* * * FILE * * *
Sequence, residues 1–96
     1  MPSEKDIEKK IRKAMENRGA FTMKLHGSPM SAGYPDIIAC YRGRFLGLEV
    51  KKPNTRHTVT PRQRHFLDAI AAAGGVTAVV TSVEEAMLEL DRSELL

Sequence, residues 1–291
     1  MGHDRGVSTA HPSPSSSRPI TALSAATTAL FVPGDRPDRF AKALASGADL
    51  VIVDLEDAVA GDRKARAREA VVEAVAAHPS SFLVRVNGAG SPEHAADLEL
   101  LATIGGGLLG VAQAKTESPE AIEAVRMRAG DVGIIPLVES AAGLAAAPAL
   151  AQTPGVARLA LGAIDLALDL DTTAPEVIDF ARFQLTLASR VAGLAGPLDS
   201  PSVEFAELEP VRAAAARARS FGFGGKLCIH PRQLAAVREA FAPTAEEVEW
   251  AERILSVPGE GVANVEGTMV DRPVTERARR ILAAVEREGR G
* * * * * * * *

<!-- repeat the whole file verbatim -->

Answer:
Sequence, residues 1–96
     1  MPSEKDIEKK IRKAMENRGA FTMKLHGSPM SAGYPDIIAC YRGRFLGLEV
    51  KKPNTRHTVT PRQRHFLDAI AAAGGVTAVV TSVEEAMLEL DRSELL

Sequence, residues 1–291
     1  MGHDRGVSTA HPSPSSSRPI TALSAATTAL FVPGDRPDRF AKALASGADL
    51  VIVDLEDAVA GDRKARAREA VVEAVAAHPS SFLVRVNGAG SPEHAADLEL
   101  LATIGGGLLG VAQAKTESPE AIEAVRMRAG DVGIIPLVES AAGLAAAPAL
   151  AQTPGVARLA LGAIDLALDL DTTAPEVIDF ARFQLTLASR VAGLAGPLDS
   201  PSVEFAELEP VRAAAARARS FGFGGKLCIH PRQLAAVREA FAPTAEEVEW
   251  AERILSVPGE GVANVEGTMV DRPVTERARR ILAAVEREGR G